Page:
He’s owed about as much as a qualifying offer anyway, so it’s a no-brainer to offer him one.
I am starting to get the sense the 2013 Yankees are going to look a lot like the 2012 Yankees. I’m not sure how I feel about that.
Thursday, October 18, 2012
DETROIT—The Yankees’ ice cold autumn will now give way to an uncertain winter, as their season concluded on Thursday with an 8-1 loss to the Tigers in Game 4 of the American League Championship Series at Comerica Park.
CC Sabathia was rocked for six runs in 3 2/3 innings and the Yankees were held hitless into the sixth inning by Max Scherzer, as Detroit locked up the AL pennant and will advance to the World Series against either the Cardinals or Giants.
New York was swept for the first time in 36 consecutive postseason appearances; the last one came in 1980, when the Royals wiped out the Yankees in a best-of-five ALCS that led to the dismissal of manager Dick Howser.
The positions of manager Joe Girardi and general manager Brian Cashman appear to be secure, but hitting coach Kevin Long will be asked to answer for an anemic offense that hung zeros on the scoreboard in 36 of 39 innings during the ALCS.
It’s hard to win a series when you don’t lead in a single inning in any of the games. Detroit was probably the better team heading into this series, and they sure looked like it.
It was a frustrating end to a frustrating series. It shouldn’t feel like a frustrating season because of that, although I’m sure we’ll be treated to some crap from Randy Levine about how the season was a failure.
We’ll have months to think about where they go from here. The Yankees have some decisions to make on some players, and some players have decisions to make on whether or not they want to return. I’m sure we won’t see Nick Swisher in pinstripes again. I was certain we’d see Curtis Granderson back with his option picked up next year but I’m now thinking there’s a chance we won’t. The whole Alex Rodriguez situation will dictate a lot of what the team decides to do. I’m guessing Rafael Soriano will opt out, but that’s less of a concern than getting the offense shored up and stabilizing the rotation based on what happens with Hiroki Kuroda and Andy Pettitte.
Anyway, we have months to think about that.
Tuesday, October 16, 2012
“Adjustments. Adjustments. Adjustments.” As in this Joe Girardi quote, verbatim from the Game 2 press conference, “We have to make adjustments. You have to make adjustments. We know what they are doing to us. You have to make adjustments.”
But a couple of American League scouts, who requested anonymity so they could speak candidly about what they’ve witnessed from the Yankee hitters during the regular season and the postseason, seemed skeptical that Girardi’s team is capable of such a thing.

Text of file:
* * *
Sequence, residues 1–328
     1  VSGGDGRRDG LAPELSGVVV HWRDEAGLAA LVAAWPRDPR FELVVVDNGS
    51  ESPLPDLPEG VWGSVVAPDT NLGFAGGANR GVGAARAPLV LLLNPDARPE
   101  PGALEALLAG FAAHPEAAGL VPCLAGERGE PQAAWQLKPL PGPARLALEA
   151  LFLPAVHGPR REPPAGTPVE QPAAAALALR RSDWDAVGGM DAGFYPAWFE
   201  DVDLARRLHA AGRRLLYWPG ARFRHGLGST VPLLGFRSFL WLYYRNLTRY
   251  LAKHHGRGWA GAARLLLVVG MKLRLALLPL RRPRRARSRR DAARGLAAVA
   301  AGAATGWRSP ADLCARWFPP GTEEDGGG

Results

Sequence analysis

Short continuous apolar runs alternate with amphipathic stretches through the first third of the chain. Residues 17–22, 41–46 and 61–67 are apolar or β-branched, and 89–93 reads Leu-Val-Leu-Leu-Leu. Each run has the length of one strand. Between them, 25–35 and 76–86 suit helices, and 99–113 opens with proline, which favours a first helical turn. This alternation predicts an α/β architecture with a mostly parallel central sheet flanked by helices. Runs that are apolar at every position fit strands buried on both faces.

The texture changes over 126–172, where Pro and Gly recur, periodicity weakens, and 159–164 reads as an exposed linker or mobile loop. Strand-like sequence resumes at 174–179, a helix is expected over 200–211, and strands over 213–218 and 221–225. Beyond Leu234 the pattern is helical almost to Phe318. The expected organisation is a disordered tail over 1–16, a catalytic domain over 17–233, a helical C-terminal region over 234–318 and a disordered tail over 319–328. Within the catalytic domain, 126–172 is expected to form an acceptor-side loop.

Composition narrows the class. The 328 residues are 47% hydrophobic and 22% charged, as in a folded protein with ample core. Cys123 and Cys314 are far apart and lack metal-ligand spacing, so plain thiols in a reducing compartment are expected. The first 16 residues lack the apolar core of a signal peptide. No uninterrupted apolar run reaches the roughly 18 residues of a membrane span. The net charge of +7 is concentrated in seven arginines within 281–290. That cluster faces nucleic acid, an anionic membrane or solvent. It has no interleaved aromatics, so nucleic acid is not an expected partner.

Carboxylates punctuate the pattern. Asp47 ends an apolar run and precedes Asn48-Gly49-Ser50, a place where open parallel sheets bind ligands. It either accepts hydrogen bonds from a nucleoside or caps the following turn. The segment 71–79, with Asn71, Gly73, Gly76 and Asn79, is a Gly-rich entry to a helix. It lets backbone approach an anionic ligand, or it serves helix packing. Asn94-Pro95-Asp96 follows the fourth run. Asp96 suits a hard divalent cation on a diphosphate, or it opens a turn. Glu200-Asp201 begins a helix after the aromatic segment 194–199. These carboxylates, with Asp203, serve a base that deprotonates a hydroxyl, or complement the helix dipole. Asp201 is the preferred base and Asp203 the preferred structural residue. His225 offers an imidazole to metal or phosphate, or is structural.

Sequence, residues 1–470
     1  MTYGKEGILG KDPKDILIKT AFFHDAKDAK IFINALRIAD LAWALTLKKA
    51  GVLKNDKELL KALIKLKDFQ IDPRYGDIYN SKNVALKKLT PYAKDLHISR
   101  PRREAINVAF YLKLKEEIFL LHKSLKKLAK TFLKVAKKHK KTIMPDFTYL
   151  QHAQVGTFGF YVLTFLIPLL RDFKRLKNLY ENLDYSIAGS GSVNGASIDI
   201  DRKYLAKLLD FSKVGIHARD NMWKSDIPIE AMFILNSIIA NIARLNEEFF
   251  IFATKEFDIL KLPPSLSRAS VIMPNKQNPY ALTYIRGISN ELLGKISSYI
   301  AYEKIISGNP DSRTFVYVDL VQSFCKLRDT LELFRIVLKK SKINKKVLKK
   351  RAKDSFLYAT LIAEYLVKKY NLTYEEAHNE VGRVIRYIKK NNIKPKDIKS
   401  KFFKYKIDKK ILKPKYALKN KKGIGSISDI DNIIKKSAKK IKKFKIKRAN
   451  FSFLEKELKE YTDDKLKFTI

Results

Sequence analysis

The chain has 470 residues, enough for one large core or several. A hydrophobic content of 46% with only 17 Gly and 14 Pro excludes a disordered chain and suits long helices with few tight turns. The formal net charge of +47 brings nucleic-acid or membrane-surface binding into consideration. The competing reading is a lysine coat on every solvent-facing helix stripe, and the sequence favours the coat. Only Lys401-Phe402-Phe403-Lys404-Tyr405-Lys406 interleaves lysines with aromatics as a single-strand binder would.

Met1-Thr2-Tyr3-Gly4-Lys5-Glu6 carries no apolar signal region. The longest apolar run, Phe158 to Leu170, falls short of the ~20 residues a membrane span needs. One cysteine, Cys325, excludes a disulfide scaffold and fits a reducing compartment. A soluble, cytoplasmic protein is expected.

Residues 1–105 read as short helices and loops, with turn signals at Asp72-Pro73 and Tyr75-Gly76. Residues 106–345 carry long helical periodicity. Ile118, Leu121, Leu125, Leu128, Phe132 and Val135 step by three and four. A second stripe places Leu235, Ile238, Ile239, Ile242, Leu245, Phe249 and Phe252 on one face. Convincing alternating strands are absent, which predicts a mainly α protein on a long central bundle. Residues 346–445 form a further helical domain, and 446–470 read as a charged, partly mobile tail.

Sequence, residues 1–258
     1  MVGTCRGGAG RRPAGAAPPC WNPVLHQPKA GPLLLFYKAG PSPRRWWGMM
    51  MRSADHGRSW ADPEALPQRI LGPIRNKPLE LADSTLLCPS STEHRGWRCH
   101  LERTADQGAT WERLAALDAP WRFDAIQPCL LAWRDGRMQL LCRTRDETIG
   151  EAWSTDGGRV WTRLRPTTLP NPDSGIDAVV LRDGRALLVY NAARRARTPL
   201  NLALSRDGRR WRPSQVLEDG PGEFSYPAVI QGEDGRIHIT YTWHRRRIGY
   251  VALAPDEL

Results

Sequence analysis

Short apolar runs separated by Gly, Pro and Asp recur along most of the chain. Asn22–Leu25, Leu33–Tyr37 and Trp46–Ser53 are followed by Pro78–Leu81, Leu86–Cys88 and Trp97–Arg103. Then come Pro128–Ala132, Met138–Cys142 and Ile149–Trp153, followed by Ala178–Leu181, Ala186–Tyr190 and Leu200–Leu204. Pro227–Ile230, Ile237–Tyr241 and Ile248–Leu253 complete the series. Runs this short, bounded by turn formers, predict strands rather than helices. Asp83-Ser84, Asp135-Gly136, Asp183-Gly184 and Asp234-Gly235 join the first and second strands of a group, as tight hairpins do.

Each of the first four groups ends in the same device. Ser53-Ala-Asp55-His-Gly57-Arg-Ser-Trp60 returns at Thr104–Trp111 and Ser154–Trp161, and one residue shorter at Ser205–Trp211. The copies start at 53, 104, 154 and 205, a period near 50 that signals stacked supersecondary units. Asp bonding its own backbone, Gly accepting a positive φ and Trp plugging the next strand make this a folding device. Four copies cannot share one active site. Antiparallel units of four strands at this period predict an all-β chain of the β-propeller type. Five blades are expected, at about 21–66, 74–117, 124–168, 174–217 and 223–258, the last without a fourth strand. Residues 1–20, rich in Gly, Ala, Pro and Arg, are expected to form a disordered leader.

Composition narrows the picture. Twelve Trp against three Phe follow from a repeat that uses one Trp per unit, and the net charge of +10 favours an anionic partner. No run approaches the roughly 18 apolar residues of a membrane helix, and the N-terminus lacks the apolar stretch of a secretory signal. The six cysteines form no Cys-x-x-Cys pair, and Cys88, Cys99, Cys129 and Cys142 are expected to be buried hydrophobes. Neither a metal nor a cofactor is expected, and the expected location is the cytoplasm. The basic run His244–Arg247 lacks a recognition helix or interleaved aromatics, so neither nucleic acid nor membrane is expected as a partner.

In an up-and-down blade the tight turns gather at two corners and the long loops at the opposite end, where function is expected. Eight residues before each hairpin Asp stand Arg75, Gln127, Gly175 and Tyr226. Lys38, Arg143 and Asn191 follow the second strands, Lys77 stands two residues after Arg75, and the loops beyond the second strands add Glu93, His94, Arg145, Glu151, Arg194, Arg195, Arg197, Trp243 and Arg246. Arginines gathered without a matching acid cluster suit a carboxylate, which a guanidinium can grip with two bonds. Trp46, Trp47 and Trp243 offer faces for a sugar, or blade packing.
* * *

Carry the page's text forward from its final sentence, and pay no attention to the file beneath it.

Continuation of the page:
“Making adjustments isn’t really something this Yankee lineup does,” said Scout A, who followed the Yankees throughout the final three weeks of the season. “Even the last nine or 10 games of the season when they were hitting the ball well, what I saw was a team that was beating up bad pitching from Minnesota, Toronto and Boston. There wasn’t much to adjust to against their Triple-A pitching. They basically destroyed fastballs.”
The infamous anonymous scouts speak.
Thursday, October 11, 2012
The Yankees’ wealthiest and most coddled player was finally pushed out of Girardi’s protective cocoon, branded as a liability for the first time since coming to New York in 2004.
This is only the beginning, just watch: Rodriguez will likely be back in the lineup tonight, but only because the Orioles will start lefty Joe Saunders. But A-Rod’s hold on the No 3 spot in the lineup is over, particularly against right-handers. Rodriguez will move down in the batting order, possibly tonight, and by next year we’ll begin to see less of him – more days off, fewer at-bats, more instances of Girardi, “listening to my gut” as he did with the Division Series on the line.
Given the fact that he’s signed for the next five years I’m guessing the Yankees aren’t quite ready to pronounce Rodriguez finished just yet. If he’s really lost his ability to hit, he’s surely going to spend the offseason working on adjustments to see if he can get it back. Whether he’ll be able to do it is an uncertain proposition, but I don’t think him being pinch-hit for once is something that should be over-analyzed.
He’s still owed $114 million through 2017, although one person familiar with ownership’s thinking predicted, “there’s no way Alex is still here after 2015.).” The Yankees will have to swallow a major portion of the remaining salaries in order to trade him, but Rodriguez, already unpopular with the fans, won’t be missed. Not really.
This ownership thinks? Color me shocked.
Thursday, September 27, 2012
But the truth is, Chris Dickerson—Dickey to his manager, who has a hockey-style nickname for everyone—is likely to be in a lot of NYC conversations over the next few days as the talk turns from the AL East race, which is moving close to a settlement, and on to the Yankees’ postseason roster.